How Your House Can Save Your Retirement

Worried you’re going to run out of cash in retirement? The solution to your problem may be closer than you think.

After Joyce Ruvolo’s husband passed away two years ago, she noticed a disturbing trend. “I found myself taking money out of the bank every month to pay the bills,” says the 77-year resident of Boca Raton, Florida.

Unhappy with her cash flow situation, Ruvolo found a solution to her problem with Kathy Burns, a reverse mortgage loan specialist with On Q Financial. Burns helped set up a reverse mortgage, also known as a home equity conversion loan, which allowed Ruvolo to tap into the equity in her house and receive regular payments to supplement her income. “Kathy was wonderful, and the e
extra money I have in my pocket at the end of the month makes up the deficit I had before,” she says.

Ruvolo’s situation isn’t unique, and finance experts say the biggest asset many seniors have is their home. By leveraging its value, those who are facing the prospect of afinancially rocky retirement may find they can live comfortably instead.

Using a house as a retirement fund. With traditional pensions disappearing and Social Security payments remaining relatively flat thanks to the current low-interest economic environment, some say home equity is the logical place to look for money in retirement. “Where have they saved most of the money in their life?” says Jamie Hopkins, an associate professor of taxation at American College and co-director of the New York Life Center for Retirement Income. “It’s in their home.”
To tap into the value of their house, seniors could use one of the following products or strategies:
  • Reverse mortgage
  • Home equity line of credit
  • Downsizing
  • Home-sharing
Of these, reverse mortgages may be garnering the most attention. These loans allow seniors age 62 or older to receive payments based upon the value of their home and their age. Once the borrower passes away or moves out of the house, the loan must be repaid, typically within a year. To do so, the house may be sold or the loan refinanced in a conventional mortgage.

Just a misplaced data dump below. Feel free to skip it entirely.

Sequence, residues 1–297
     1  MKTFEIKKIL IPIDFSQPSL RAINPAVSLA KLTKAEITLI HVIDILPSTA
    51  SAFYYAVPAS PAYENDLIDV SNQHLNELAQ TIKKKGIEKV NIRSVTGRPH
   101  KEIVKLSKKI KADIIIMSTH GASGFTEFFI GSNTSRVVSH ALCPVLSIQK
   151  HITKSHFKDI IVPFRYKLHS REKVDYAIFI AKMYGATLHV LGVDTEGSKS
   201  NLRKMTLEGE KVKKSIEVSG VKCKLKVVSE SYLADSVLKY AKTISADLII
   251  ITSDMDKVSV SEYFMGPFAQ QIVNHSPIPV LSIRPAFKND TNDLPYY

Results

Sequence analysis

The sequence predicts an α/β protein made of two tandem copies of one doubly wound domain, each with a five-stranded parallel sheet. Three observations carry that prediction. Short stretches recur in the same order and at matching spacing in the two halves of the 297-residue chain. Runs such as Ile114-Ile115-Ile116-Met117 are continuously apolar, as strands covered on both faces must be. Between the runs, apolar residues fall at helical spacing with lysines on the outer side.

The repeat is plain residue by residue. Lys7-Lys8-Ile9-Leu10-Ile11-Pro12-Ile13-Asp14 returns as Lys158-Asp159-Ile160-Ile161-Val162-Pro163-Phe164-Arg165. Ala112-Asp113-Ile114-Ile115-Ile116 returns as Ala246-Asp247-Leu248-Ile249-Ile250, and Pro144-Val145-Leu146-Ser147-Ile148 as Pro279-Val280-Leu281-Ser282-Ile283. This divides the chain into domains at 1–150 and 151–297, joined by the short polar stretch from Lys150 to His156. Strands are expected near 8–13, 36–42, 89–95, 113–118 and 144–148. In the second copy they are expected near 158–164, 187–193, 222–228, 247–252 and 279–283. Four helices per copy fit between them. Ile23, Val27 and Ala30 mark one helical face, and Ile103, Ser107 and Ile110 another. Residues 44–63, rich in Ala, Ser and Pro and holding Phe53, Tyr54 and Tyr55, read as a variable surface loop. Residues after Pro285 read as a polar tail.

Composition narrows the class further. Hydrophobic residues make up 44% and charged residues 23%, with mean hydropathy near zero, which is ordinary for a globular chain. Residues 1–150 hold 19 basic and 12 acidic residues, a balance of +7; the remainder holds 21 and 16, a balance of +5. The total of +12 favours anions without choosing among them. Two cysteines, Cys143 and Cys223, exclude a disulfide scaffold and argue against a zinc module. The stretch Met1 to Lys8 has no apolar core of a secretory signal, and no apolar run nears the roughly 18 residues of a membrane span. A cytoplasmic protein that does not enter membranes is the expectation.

Not your 1980s reverse mortgages. While seniors like Ruvolo have warmed to reverse mortgages, others may be reluctant to sign up for a product that, in decades past, gained a reputation for saddling people with expensive loans that were inappropriate for their circumstances. However, Hopkins says that has changed. “It’s not the reverse mortgage that existed in the 1980s.”

Reza Jahangiri, CEO of reverse mortgage lender American Advisors Group, says today’s loans come with consumer protections, such as financial counseling and a financial assessment, which weren’t a part of older loans. What’s more, these are non-recourse loans which means no one will end up paying more than a property’s value. “If the loan amount is greater than the home value, the heirs aren’t responsible [for the difference],” Jahangiri says.

Interest rates may be higher for reverse mortgages than for other mortgage products, and the loans may not make sense for seniors who expect to sell or move within the next few years. However, for those with small retirement funds and limited options, a reverse mortgage may make sense. “We have a mushrooming demographic of seniors, life expectancy is up and the savings picture is not robust,” Jahangiri says. “It’s become a reality that the reverse mortgage has become part of retirement planning.”

Keep communication open with family members. Since a reverse mortgage could require the sale of a family home, seniors should keep their adult children aware of their plans. “It’s very important they discuss it with their family,” Ruvolo says. While children can’t prevent a senior from taking out a reverse mortgage, keeping everyone informed avoids unpleasant surprises during a time of grief.
If family members don’t want to lose the home, there is always an option to do a private reverse mortgage. These loans need to be professionally set up to avoid gift taxes, but they allow an adult child or other family member to make payments to a senior in exchange for equity and eventual ownership of the property. “The caveat is it’s not common for kids to be in a position to advance hundreds of thousands to their parents,” Jahangiri says.

For those who decide not to take out a reverse mortgage, taking out a home equity line of credit, selling a home or downsizing to a smaller residence are all ways to find the cash needed to boost meager retirement funds. “Figure out what you want in retirement,” Hopkins says. “Once you figure out your goals, you can use [your house] to help you meet them.”

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